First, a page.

Connecticut: A Place for Second Chances -- Tabor House Marks 20 Years of Helping Homeless Men With HIV/AIDS Live Their Lives and Regain Their Pride
January 5, 2011
Hartford's Tabor House is celebrating 20 years of providing refuge and support to homeless men with HIV/AIDS. Founded by the Sisters of St. Joseph, Tabor House has two locations -- one on Brownell Avenue in the city's Frog Hollow neighborhood and the other on Maple Avenue.
Sister Anne Kane, Tabor House's director, said the organization's early days were spent providing comfort and dignity to its residents. "In the beginning, they literally came to die," she said. "We tried to provide an atmosphere of peace. Convalescent homes weren't taking them in and their families were afraid. These people were shunned; they had no place to go."
Thanks to advances in HIV/AIDS treatment, the focus has changed. Tabor House now helps maintain residents' health by offering treatment, behavioral group therapy, substance abuse referrals, and case manager support. Residents are encouraged to return to school or learn a trade, but they set their own goals.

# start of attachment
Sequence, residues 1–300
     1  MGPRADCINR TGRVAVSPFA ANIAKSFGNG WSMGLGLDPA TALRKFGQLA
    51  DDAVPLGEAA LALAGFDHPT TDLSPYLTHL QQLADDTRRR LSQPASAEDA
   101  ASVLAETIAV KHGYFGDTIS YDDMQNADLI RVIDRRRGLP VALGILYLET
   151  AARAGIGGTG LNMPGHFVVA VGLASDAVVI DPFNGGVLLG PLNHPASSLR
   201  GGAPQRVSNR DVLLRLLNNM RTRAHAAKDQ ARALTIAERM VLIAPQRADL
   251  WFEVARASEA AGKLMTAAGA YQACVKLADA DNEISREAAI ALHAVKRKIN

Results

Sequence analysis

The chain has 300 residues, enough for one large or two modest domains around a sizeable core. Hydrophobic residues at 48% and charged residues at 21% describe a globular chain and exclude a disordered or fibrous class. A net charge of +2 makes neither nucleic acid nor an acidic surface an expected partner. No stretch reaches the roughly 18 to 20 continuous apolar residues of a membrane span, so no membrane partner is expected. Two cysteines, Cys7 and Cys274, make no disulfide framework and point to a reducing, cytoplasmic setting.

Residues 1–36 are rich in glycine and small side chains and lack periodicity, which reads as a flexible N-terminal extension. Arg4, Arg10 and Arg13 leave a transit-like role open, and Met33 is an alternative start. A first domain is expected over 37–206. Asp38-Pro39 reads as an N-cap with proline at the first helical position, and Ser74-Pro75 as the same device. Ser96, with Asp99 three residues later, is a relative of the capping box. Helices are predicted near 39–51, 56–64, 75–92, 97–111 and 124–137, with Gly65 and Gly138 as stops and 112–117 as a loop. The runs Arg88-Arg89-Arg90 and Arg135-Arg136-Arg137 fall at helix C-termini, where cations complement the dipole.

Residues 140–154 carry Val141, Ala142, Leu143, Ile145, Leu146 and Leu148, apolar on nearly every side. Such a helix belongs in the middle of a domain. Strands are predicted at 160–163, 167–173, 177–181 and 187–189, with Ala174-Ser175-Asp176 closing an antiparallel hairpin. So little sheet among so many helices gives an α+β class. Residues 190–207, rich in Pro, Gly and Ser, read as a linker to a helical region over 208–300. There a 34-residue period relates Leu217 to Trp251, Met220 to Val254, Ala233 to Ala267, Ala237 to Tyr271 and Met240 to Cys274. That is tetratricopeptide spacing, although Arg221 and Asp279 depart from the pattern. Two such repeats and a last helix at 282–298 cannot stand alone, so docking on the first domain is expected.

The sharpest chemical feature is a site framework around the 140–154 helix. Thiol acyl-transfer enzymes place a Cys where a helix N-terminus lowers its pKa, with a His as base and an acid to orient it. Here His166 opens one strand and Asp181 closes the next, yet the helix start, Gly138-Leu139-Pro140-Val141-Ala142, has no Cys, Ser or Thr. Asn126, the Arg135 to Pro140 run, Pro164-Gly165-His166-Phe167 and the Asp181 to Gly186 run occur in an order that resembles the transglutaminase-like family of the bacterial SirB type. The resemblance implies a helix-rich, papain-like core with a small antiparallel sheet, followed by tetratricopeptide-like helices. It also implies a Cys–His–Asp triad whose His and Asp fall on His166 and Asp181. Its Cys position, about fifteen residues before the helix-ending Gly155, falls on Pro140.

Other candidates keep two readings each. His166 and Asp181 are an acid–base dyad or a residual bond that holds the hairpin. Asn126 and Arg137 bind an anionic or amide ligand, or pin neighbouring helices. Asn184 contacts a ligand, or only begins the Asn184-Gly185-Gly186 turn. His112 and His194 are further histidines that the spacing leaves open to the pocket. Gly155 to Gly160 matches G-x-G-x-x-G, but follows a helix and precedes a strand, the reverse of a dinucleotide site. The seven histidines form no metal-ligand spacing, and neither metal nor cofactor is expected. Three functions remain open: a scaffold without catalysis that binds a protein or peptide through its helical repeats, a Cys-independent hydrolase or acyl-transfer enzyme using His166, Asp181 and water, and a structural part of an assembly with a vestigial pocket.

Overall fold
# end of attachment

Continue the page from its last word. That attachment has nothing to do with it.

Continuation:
Tabor House's aim is to have clients leave the house and successfully re-enter society. But this can take years to accomplish, and no one is sent away before they are ready. "Now a happy ending is they move out," said Kane.
Chris Ryan said his goal when he was accepted into Tabor House was to get counseling, save money, and restore his health. He accomplished that in two years and has been living on his own for three years. He works for a Hartford-area property management company and remains drug-free. "Once you get healthy, you have to go to the next step," he said. "They can only do so much for you."
01.02.2011; Steven Goode
This article was provided by U.S. Centers for Disease Control and Prevention. It is a part of the publication CDC HIV/Hepatitis/STD/TB Prevention News Update. Visit the CDC's website to find out more about their activities, publications and services.
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